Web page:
“In that inning,” Cora explained, “I think we had a few matchups that we felt comfortable with. [Andrew] Benitendi gets on, and we had [Mitch] Moreland against [Pedro] Baez, and then we had Nunie against Wood.
“We talked about it today. When he came in, he was probably a little disappointed that he didn’t start because he’s been starting against every lefty. Having him on the bench, it was going to pay off. You’ve got to keep a righty. Keeping him in the dugout and out of the lineup was probably going to give us a chance to win the game.”
“He told me, ‘Lefthanded hitter going against [Clayton] Kershaw,’ I’m going to be prepared,” Nuñez said. “Late in the game, seventh or eighth inning, late in the game, if they bring in a lefty for Devers. That was the plan and we did it.”
One day, someone will tell his grandchildren about the night Eduardo Nuñez beat the Dodgers in a World Series, and about how Joe Kelly and Nathan Eovaldi threw the ball so fast through the autumn chill that people were afraid to swing, lest they hit the ball less than solidly and end up with a handful of bees. Baseball is addicted to lore, after all. It can’t help itself.
Of course, given the fact that these are two ancient franchises that haven’t contested a World Series since 1916, baseball romanticism and gooey nostalgia was at high tide. (In fact, the Red Sox and the Dodgers wouldn’t play a game that counted of any kind again until 2002.) Back then, the Series had to be moved from four-year old Fenway Park to Braves Field, which had more seats in which the rambunctious Boston fans, including Mayor John Fitzgerald, JFK’s grandfather, could run amok. (Michael “Nuf Ced” McGreevey, the leader of the Royal Rooters, the rowdy group that included Fitzgerald, moved his Third Base Saloon for the last time in 1916.) Boston’s Babe Ruth pitched 14 shutout innings to win Game 2. Casey Stengel hit .364 for the series. However, manager Wilbert Robinson sat Stengel out against Ruth because Stengel couldn’t hit lefties. The Red Sox won in five games and used only five pitchers the entire series.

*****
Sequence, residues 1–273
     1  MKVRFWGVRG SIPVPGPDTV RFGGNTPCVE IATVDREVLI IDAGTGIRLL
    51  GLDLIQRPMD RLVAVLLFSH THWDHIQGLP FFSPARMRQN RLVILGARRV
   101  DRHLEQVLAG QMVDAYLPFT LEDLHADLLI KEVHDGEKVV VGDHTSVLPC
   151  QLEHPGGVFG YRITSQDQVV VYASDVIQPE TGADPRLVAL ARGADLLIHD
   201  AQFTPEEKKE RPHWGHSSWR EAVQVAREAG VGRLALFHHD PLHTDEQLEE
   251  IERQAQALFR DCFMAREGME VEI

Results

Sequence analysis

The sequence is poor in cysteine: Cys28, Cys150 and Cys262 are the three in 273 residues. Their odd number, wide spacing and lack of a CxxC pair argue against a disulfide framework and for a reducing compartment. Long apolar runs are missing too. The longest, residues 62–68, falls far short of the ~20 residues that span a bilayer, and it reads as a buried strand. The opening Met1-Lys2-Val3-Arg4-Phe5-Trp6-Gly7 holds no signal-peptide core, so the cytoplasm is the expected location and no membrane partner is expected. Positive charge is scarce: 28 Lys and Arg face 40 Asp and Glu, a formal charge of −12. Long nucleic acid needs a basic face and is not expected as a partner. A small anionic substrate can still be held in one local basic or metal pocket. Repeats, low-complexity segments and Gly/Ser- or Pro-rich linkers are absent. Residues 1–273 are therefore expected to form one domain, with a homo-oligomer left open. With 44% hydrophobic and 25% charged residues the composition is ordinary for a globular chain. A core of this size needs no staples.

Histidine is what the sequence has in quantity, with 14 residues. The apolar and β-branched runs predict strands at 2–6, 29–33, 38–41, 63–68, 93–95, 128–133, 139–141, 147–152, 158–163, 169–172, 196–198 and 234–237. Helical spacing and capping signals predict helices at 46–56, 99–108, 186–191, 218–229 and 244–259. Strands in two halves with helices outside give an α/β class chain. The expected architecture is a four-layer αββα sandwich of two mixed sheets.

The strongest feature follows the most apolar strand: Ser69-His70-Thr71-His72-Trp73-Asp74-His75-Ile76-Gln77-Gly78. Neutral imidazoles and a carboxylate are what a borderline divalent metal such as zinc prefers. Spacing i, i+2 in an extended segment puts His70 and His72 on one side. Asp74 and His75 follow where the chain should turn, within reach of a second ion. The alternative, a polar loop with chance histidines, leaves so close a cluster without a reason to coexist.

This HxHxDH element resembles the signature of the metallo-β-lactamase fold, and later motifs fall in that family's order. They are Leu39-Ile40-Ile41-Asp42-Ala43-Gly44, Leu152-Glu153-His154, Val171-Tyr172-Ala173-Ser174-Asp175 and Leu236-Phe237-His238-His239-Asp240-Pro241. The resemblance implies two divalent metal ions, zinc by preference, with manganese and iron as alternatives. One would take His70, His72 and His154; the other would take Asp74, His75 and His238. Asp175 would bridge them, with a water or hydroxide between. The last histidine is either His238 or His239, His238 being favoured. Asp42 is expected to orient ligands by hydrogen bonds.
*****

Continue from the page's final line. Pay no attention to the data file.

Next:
In the years after that Series, of course, both franchises were thickly afflicted with novelists and slumming poets—the Dodgers for having abandoned Brooklyn in 1958 and the Red Sox for putting up eight decades of futility prior to finally winning the World Series again in 2004. I would hazard a guess that, outside of Notre Dame football and (perhaps) the British Open golf tournament, more treacly swill has been written about these two franchises than has been produced about any subject touching on sports anywhere.
None of which touches either of the teams in this year’s World Series, each of which are the very models of a modern MLB team. They are sleek and shiny representatives of an important part of the sports-entertainment complex. They have as little to do with the days of straw hats and stogies as a Cabriolet has with an Model A Ford. Their histories are sanded down and edgeless, so as to be easier to commodify. Their stories are now written in simple declarative sentences; indeed, much of their stories are now written in 240 characters on somebody’s telephone. Thus are we spared the prose that greeted the Red Sox and the Dodgers the last time they met, which was lovingly curated by the current staff of The New York Times. This passage I find particularly wonderful. It seems to have something to do with the Babe’s masterpiece in Game Two.
“When the rays were ruddy to the onlookers boasting allegiance to the sacred codfish, they were tinged with indigo for partisans of the rubber-plant jungle just forninst the eastern end of the Brooklyn Bridge.”
Now that, sports fans, is the kind of content that deserves to be produced across many platforms. I think it means Dodgers fans weren’t happy with being down 2-0, but there may be other interpretations. I looked up “forninst,” believing it to be a typo, but it actually means “near to.” This is further evidence supporting my theory that baseball fans of that time, who depended on the accounts of the game in their newspapers, the first live radio broadcast still being five years off, were some very confused people.
So, simply put, and not attempting to tinge the prose with indigo, the Red Sox right now are better in almost every way than the Dodgers are. Everything about them seems to be peaking, from their young and talented everyday lineup, to David Price, to their afterburners in the bullpen, to their manager’s astonishing ability to make the right move at the right time, to pull a rabbit out of your hat. Eduardo Nuñez summed up the two nights in Fenway better than most when he was describing how he felt rounding the bases after his home run broke open the first game of this World Series.
“I think that was the best feeling for a player, to see all the fans,” he said. “They paid tickets to watch us play and to be crazy.” The sacred codfish couldn’t have said it better.